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Thursday, June 02, 2005

How to Predict Translator Performance

We in the translation business know that it's virtually impossible to accurately predict the performance of a translator on a given job. Even the best translators cannot be experts in all fields, and we all have bad days from time to time. Yet translation buyers must select translators all the time, and it's not always possible to test the translator with the job at hand or a portion thereof.

Translator buyers therefore use translators' credentials to predict their performance. These credentials may include:
  1. a college degree in translation
  2. a college degree in the subject-matter field
  3. a professional certification
  4. a sample translation (not necessarily in the field in question)
  5. client references
  6. professional experience in a non-linguistic field
Which of these (or other) credentials are the best predictors of a translator's performance? Which ones can be faked, lied about, or dismissed as irrelevant?

10 Comments:

Blogger Eve said...

The degree is the most important. Translation can be very underestimated. Here, everyone think they don't need a translator, since all in Lebanon are bilingual or trilingual. Much worse, one thinks if he had a degree in science, or geography, or any other field, then it would be enough. Now, translation is a science by itself, with its own theories, and whoever doesn't go there misses a great deal of the translation business.
Almost everything you mentioned can be faked; only a test or a sample translation can prove how good you are.
It's my first time in your blog, and it seems quite interesting. keep it up!

10:38 AM  
Blogger linguatransl said...

the degree is everything, at least in my point of view. everything else can be and will be faked. at the end of the day your personal impression of the applicant will decide the stake.

7:04 AM  
Blogger Aladdin said...

I believe the degree [and] the experience are most vital. For example, I know a UN senior translator (actually my on-the-job trainer), who was specialised in Egyptology and he's at his best in translating such 'technical' material. You may need an engineer, for instance, to check your translation of an engineering text just for the 'techobabble'.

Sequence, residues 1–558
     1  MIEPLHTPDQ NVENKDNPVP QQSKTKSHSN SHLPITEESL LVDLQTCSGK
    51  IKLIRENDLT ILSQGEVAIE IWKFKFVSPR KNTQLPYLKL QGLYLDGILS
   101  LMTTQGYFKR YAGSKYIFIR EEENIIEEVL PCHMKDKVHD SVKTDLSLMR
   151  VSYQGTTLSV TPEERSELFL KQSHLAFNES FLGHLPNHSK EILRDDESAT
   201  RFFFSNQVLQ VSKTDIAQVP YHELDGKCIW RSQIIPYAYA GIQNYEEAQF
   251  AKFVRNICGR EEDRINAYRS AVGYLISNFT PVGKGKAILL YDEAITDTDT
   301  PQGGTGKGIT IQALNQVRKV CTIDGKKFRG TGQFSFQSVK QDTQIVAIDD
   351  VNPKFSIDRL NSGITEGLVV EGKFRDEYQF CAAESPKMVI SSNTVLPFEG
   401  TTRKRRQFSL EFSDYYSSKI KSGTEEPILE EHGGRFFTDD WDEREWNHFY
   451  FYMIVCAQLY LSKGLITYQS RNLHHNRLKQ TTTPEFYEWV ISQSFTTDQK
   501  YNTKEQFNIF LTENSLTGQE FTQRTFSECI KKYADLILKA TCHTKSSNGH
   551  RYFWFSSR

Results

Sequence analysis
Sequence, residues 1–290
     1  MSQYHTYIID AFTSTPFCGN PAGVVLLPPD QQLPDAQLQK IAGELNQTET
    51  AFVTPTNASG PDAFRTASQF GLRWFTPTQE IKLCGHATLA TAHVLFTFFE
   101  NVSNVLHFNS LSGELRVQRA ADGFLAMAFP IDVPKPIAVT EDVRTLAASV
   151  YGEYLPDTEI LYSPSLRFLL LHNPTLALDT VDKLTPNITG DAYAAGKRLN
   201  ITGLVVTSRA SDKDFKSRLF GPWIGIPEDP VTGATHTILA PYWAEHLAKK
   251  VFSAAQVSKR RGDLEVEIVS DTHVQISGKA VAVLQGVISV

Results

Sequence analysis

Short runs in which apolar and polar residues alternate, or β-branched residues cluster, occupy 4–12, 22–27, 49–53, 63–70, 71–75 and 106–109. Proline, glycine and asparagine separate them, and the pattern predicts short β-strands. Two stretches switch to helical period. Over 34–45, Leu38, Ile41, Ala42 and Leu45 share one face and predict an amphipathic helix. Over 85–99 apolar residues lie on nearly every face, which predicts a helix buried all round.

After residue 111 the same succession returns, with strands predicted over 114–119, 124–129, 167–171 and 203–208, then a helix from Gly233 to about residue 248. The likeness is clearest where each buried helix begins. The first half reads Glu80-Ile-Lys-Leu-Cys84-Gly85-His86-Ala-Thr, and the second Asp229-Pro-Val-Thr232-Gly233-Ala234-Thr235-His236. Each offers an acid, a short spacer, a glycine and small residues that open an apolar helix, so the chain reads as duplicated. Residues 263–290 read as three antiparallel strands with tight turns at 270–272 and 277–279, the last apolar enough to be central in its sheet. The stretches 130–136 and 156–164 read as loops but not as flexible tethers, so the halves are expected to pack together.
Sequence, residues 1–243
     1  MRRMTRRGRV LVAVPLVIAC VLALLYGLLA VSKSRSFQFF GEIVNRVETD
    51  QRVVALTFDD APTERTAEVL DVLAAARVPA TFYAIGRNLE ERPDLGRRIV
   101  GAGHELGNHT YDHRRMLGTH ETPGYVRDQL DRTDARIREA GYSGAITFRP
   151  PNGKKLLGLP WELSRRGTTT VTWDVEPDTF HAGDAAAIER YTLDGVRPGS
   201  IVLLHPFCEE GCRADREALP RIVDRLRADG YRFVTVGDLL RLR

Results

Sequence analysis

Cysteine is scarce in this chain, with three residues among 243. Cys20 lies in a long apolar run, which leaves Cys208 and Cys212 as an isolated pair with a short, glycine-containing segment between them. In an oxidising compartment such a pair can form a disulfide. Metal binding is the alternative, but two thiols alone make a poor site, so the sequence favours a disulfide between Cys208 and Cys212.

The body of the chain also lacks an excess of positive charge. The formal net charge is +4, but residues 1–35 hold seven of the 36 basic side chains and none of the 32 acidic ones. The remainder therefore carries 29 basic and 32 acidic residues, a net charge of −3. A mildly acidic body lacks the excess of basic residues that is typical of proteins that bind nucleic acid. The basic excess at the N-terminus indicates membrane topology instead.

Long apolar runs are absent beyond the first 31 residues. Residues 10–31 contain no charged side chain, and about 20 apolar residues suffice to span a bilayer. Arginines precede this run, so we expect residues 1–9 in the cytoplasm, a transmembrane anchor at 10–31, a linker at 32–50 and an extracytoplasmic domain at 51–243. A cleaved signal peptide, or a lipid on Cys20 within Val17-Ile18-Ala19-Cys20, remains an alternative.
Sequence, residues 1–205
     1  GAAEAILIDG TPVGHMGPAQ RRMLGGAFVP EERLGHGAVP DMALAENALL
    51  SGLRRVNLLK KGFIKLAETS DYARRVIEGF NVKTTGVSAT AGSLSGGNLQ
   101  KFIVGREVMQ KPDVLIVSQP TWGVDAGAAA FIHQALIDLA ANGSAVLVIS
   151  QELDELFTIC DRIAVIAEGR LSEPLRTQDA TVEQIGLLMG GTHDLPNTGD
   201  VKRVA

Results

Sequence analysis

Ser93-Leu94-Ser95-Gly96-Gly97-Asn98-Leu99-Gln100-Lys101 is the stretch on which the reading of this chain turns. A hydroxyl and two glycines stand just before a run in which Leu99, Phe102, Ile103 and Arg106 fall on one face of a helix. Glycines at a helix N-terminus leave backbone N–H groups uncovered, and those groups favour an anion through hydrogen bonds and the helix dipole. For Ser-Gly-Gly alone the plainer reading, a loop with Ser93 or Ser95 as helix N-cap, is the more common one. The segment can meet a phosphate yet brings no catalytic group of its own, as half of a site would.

A sample is always tentative. I can forward samples of the material I can translate quite efficienty, but you need more than one sample (in different fields) for a better judgement.

2:28 PM  
Blogger yamishogun said...

The degree is mostly a signal. I know translators who have never taken once class and do excellent work for high pay.

While I do not like them, a test is a good way to judge quality --along with a track record.

11:16 PM  
Blogger kimi said...

I agree that a degree is important. However, I am very suspicious of its significance after enrolling translation MA programs in both Taiwan and Australia. I see some programs are well-managed and some are crapy. If I am a client, I will ask for a cerficate and a simple test.

1:27 AM  
Blogger oscar said...

A degree in translation can really set you apart from all the people who claim to speak in several languages.

12:26 PM  
Blogger Sonia-Catherine said...

I agree that a degree is important. However, I do not agree that it is the most important. I've just finished my Bachelor's (from French to English) and graduated with a bunch of students who still do not know French very well but who got by by knowing the teachers well and getting help on all their assignments.

I think that the whole package is necessary. A test, a portfolio/sample, a degree etc.

1:17 PM  
Blogger Hipyan Nopri (Mr) said...

Language proficiency, translating experience, professional certification, and sample translation are helpful for potential clients to predict translator's performance. However, all of them are rather subjective because they are presented by translator him/herself. To have more objective evidence, potential clients had better ask for client references with complete contact details. Of course, the translator should refer them to his/her indirect clients rather than direct clients.

10:44 AM  
Blogger Oliver said...

I would rather bet on years of experience combined with proven professional references.Translation is not an exact science whereby 1+1 is equal 2 whether you accept or not.Remember that there are numerous great translators whose "self-learning skills" are considered impecable.I consider myself to be one of them.I have completed courses at University junior level,but since translation is my compassion I have read so extensively on the subject.I'm a Portuguese Speaker by the way and Portuguese Grammar has become my daily bible.I have developed so much interess in Portuguese Grammar that some academics consider me a schoolar.However, I do not neglect college education in the translation field..

4:30 AM  
Blogger Patricia said...

I think it's a mix of education and experience. In this day and time you will go nowhere without a degree (regardless of the field). But I know an economist who failed to pass a translation test because of her grammar mistakes. In my opinion therefore, you need to have a degree to have some credibility and some strong background in your target language (besides just being native speaker) and knowledge of the subject.

2:26 PM  

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